Life history of the client include data collection of living situation and finances, social history and supports, family history, coping skills, religious/cultural factors, trauma from systemic issues or abuse and medico-legal factors (Assess' client’s awareness of legal documents, surrogate decision-making, power of attorney and consent). Components that include in resource assessment of the client include psycho-spiritual strengths; substance abuse; coping mechanisms, styles and patterns (Individual, family level, workplace, and use of social support systems); sleeping pattern; needs and impacts of the problem etc. Advanced clinician's incorporate individual scales, batteries and testing instruments in their assessments. An extended version of this assessment from controversies raised in the late 1980s by Hans Eysenck through an issue of Psychological Inquiry, Bio-Psycho-Social assessment were introduced this theoretical model states behavior as a function of biological factors, psychological issues and the social context–the social work domain. Qualified healthcare professionals conduct physiological part of these assessments. This thrust on biology expands the field of approach for the client with the client through the interaction of these disciplines and in a domain that mental illnesses are also physical, just as physical conditions have mental components. Likewise, the emotional is both psychological and physical.

The clinician’s comprehension and set of judgments about the client situation, assessment, through a theory of each case, predicts the intervention. Hence a good psychosocial assessment leads to a good psychosocial intervention that aims to reduce complaints and improve functioning related to mental disorders and/or social problems (e.g., problems with personal relationships, work, or school) by addressing the different psychological and social factors influencing the individual. For example, a psychosocial intervention for an older adult client with a mental disorder might include psychotherapy and a referral to a psychiatrist while also addressing the caregiver's needs in an effort to reduce stress for the entire family system as a method of improving the client's quality of life.[3] Treatment for psychosocial disorders in a medical model usually only involve using drugs and talk therapy.[4]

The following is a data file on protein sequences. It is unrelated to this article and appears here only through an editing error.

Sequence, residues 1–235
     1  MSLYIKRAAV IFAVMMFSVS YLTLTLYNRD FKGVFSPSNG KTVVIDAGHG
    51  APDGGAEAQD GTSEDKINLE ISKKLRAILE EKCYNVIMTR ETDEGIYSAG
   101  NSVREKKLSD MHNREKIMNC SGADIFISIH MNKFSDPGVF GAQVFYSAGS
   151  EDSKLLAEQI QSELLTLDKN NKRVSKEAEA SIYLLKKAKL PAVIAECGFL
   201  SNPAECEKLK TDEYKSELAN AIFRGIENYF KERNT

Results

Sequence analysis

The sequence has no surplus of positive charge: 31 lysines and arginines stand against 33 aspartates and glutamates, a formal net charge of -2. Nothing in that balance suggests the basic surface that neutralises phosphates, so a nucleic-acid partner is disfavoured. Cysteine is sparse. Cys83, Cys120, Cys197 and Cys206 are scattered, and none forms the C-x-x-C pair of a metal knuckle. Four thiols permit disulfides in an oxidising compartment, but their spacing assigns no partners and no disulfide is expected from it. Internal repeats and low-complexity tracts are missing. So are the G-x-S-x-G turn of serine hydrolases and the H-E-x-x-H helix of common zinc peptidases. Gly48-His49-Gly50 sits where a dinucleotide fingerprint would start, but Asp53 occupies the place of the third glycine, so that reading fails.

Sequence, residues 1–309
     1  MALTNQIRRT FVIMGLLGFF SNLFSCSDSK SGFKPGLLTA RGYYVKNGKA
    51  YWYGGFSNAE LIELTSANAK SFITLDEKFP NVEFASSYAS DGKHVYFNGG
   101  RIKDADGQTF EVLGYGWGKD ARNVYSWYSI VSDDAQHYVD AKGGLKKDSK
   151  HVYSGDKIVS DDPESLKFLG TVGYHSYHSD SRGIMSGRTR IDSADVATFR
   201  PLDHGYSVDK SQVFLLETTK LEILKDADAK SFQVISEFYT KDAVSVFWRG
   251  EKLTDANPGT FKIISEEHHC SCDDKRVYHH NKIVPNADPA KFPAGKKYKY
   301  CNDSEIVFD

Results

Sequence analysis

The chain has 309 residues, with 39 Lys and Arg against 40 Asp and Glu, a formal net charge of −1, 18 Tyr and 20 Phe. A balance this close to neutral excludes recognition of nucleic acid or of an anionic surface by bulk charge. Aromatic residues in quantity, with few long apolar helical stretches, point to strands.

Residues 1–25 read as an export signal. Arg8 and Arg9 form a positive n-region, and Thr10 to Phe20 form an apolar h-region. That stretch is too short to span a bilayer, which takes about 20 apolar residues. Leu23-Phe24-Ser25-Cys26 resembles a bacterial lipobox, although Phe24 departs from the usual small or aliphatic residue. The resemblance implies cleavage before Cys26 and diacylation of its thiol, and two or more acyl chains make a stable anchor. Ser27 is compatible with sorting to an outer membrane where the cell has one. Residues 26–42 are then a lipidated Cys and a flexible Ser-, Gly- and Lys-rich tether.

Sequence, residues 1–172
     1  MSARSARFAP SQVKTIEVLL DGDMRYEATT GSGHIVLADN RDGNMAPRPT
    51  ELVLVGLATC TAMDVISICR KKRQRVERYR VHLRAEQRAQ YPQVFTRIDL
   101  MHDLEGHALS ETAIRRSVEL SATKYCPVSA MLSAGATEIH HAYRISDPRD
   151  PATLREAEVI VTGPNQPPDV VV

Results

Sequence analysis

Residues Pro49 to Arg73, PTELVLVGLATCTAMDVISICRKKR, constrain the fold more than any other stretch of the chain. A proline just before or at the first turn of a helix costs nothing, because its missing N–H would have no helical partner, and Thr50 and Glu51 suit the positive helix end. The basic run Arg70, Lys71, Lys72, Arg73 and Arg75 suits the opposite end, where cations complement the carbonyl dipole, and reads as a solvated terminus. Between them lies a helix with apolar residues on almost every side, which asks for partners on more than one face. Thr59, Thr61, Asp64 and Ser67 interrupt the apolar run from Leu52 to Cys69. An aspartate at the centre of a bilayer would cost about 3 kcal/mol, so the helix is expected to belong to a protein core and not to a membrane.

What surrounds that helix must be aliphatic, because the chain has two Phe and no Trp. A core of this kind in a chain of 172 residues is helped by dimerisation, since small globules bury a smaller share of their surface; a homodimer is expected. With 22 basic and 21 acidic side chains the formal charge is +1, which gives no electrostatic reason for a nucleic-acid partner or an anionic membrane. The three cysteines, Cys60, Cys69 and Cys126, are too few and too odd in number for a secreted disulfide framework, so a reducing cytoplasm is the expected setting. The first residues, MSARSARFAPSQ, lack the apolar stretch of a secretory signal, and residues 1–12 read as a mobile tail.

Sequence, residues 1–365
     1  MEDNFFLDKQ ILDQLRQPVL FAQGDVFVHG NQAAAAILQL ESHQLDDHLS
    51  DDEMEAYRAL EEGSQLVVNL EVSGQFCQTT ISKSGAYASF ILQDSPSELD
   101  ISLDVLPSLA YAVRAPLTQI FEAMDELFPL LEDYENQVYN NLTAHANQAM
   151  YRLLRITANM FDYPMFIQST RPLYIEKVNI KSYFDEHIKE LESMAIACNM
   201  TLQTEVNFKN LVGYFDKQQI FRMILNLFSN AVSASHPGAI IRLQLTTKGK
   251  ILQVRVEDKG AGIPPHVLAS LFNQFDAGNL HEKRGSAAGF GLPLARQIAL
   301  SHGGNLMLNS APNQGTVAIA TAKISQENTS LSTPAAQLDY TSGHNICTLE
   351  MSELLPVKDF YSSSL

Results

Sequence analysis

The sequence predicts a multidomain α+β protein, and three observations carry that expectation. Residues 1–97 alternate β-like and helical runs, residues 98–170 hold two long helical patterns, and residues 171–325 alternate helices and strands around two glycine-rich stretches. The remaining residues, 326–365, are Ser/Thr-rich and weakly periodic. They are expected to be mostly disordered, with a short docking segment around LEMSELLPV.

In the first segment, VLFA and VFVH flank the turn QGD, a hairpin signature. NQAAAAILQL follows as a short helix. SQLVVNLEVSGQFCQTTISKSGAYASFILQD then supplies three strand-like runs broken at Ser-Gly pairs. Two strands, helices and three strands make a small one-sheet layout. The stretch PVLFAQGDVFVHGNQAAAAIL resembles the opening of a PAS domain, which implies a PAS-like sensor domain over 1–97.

Psychosocial supportEdit

Psychosocial support is an approach to victims of terminal illness, disaster, war, catastrophe or violence to foster resilience of communities and individuals. It aims at easing resumption of normal life, facilitating affected people's participation to their convalescence and preventing pathological consequences of potentially traumatic situations.

ReferencesEdit

  1. ^ Woodward, Kath (2015), Psychosocial Studies: An Introduction, New York, NY: Routledge, pp. 3–4, 7–8, ISBN 978-1-315-86782-3 
  2. ^ Mary Woods; Florence Hollis (9 August 1999). Casework: A Psychosocial Therapy. McGraw-Hill Companies,Incorporated. ISBN 978-0-07-290179-5. 
  3. ^ Cummings, Sherry M.; Kropf, Nancy P. (2013), Handbook of Psychosocial Interventions with Older Adults: Evidence-based Approaches, Taylor and Francis, p. xi, ISBN 9781317990307 
  4. ^ Pallassana R. Balgopal (2000). Social Work Practice with Immigrants and Refugees. Columbia University Press. p. 220. ISBN 978-0-231-50418-8. 

Further readingEdit

External linksEdit

See alsoEdit